What we have done in our second year
The PERFECT team delivered many academic and outreach talks in the UK and internationally, wrote papers, and organised a series of interdisciplinary events sponsored by the project, including a mini-workshop on Belief and Emotion in November 2015, a public engagement event called Tricked by Memory for the Arts and Science Festival in March 2016, and a symposium entitled Explaining Delusions at the International Congress of Psychology in Yokohama in July 2016. The main event was our first project workshop, PERFECT 2016, on False but Useful Beliefs, in February 2016.
We had several papers accepted which will be published open access, including Ema's "Malfunction Defended" in Synthese; a chapter on what makes beliefs delusional by Rachel Gunn, Ema and myself, in the volume Cognitive Confusions: Dreams, Delusions and Illusions in Early Modern Culture, published by Legenda; and a chapter on gradualism in psychiatry, illustrated via the case of delusions, by Ema, Matteo Mameli, Matthew Broome and myself, to appear in the volume Vagueness in Psychiatry: Gradualist Approaches to Mental Health and Disease, published by Oxford University Press.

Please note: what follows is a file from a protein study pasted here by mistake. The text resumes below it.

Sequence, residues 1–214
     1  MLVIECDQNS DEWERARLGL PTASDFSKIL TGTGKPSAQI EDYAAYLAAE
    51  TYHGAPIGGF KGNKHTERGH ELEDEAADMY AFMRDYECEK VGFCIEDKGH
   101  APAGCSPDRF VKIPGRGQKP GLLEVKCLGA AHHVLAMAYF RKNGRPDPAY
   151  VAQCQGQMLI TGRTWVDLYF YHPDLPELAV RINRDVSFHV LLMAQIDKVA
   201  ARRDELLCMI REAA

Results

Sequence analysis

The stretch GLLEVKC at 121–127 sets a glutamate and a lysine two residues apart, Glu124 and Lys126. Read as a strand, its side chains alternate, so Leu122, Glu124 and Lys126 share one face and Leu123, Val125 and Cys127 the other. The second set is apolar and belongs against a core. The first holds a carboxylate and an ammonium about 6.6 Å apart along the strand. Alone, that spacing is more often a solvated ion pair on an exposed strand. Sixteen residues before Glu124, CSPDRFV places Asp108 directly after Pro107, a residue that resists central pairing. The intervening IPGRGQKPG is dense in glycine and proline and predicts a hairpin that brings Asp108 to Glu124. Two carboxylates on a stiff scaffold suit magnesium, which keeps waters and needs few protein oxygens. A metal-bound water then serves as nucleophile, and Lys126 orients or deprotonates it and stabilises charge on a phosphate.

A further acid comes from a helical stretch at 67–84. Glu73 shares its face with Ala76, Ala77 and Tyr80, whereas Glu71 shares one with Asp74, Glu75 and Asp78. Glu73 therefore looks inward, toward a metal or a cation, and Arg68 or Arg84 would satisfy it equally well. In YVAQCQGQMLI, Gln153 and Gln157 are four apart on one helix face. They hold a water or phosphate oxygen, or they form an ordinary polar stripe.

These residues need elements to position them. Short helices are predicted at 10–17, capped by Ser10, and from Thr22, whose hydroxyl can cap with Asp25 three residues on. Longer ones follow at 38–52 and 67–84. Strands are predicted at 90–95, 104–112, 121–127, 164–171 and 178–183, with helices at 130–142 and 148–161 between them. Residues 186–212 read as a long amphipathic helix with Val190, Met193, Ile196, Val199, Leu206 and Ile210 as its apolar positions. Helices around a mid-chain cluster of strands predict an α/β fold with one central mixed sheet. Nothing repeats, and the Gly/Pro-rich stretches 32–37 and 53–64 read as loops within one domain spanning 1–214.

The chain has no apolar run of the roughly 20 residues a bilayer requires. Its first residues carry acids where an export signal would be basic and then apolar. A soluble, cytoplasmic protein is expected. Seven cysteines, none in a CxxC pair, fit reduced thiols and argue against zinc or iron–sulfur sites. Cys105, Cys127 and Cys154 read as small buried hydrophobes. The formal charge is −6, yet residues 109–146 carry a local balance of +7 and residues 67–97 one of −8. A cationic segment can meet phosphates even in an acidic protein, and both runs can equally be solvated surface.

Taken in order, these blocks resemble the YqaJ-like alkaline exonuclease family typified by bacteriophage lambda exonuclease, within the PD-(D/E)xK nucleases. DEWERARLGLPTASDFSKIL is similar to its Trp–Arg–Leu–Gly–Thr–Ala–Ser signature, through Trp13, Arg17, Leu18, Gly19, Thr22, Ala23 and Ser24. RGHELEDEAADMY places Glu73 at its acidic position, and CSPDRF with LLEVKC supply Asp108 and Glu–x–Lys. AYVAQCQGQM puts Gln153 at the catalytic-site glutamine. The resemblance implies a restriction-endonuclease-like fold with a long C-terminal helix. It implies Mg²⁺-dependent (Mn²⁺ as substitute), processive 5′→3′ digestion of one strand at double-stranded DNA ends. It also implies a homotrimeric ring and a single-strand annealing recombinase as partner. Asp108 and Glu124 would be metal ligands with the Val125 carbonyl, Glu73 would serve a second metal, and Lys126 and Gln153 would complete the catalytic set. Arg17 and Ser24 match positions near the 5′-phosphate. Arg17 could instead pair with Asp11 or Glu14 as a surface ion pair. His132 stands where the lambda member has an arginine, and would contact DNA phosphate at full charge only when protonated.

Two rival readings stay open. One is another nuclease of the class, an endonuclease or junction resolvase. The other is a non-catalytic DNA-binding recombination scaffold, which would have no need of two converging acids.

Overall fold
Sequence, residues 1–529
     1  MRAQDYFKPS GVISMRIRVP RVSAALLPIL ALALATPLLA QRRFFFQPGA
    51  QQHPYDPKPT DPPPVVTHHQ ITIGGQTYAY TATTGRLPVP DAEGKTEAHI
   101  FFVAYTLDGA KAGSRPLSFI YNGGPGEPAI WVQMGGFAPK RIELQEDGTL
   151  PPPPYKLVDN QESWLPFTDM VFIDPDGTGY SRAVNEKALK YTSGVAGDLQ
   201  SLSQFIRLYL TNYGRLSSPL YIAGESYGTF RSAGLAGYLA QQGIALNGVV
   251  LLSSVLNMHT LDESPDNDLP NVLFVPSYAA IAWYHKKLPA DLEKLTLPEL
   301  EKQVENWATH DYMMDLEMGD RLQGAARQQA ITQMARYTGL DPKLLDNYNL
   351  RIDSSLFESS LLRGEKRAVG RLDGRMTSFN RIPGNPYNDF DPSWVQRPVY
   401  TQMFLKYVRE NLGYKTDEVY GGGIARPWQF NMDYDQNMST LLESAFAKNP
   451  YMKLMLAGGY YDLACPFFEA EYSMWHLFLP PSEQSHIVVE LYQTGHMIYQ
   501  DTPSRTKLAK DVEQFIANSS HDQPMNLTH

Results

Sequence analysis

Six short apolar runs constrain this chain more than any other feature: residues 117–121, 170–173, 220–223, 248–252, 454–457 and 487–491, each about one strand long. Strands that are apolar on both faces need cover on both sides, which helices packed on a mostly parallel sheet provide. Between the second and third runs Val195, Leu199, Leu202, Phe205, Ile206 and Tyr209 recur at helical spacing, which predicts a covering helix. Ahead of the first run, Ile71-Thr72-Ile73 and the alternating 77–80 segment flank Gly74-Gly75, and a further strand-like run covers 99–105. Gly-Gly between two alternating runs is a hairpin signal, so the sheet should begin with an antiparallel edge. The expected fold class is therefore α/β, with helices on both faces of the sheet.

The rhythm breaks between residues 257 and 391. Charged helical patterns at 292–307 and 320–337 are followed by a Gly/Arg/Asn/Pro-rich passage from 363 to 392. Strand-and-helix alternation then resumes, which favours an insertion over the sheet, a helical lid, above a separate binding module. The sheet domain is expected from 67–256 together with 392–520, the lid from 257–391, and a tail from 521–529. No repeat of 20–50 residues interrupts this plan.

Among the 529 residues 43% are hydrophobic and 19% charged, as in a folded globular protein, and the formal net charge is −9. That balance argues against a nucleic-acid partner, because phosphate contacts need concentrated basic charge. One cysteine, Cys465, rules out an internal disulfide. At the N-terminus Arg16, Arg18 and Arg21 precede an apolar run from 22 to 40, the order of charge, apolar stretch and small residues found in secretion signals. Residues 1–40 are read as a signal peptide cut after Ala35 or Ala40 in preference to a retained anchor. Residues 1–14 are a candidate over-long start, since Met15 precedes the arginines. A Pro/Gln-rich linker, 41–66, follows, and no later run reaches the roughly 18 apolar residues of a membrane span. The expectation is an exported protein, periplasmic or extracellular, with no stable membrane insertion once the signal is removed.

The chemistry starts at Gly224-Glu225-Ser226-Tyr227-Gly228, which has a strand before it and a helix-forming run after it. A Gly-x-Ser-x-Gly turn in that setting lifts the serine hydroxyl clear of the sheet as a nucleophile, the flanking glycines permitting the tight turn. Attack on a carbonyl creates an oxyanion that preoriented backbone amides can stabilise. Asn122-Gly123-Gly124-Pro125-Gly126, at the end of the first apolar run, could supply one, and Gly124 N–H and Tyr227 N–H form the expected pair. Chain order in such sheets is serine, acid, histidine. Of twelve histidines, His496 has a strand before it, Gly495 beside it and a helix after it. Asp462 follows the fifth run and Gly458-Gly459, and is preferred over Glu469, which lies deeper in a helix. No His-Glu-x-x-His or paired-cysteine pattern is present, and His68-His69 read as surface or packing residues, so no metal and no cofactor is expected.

We continued to disseminate our work on the blog, on the Imperfect Cognitions playlist on YouTube, and on an app for iOS and Android, called PERFECT, free to download. I was featured with Michael and Ema in the Birmingham Heroes campaign in November 2015, due to our commitment to address key issues relevant to the stigmatisation of mental health, and wrote two Birmingham Briefs on relevant themes, "Them and Us" no longer: mental health concerns us all and Mental health care is still awaiting its revolution. I also participated with Richard Bentall in an episode of the Philosofa podcast where I discussed the theoretical basis for rejecting the stigmatisation of psychological distress, namely the fact that there is no clear line between mental health and mental illness.